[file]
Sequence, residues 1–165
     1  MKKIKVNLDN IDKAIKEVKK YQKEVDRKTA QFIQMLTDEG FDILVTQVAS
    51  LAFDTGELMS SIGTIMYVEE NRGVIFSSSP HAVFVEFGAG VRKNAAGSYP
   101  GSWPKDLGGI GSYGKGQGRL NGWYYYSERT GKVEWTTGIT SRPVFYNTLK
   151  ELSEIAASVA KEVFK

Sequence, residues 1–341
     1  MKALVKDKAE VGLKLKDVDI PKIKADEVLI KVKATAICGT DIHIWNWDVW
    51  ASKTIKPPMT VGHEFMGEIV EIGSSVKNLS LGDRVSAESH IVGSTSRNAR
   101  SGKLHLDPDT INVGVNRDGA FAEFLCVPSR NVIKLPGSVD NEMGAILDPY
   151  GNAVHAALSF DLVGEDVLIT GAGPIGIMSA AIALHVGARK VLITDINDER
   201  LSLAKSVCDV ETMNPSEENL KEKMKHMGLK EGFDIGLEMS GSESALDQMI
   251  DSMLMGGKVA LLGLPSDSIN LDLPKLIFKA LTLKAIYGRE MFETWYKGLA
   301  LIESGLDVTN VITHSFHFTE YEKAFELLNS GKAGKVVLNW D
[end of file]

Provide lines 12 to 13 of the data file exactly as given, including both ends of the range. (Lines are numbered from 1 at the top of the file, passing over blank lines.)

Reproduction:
   251  DSMLMGGKVA LLGLPSDSIN LDLPKLIFKA LTLKAIYGRE MFETWYKGLA
   301  LIESGLDVTN VITHSFHFTE YEKAFELLNS GKAGKVVLNW D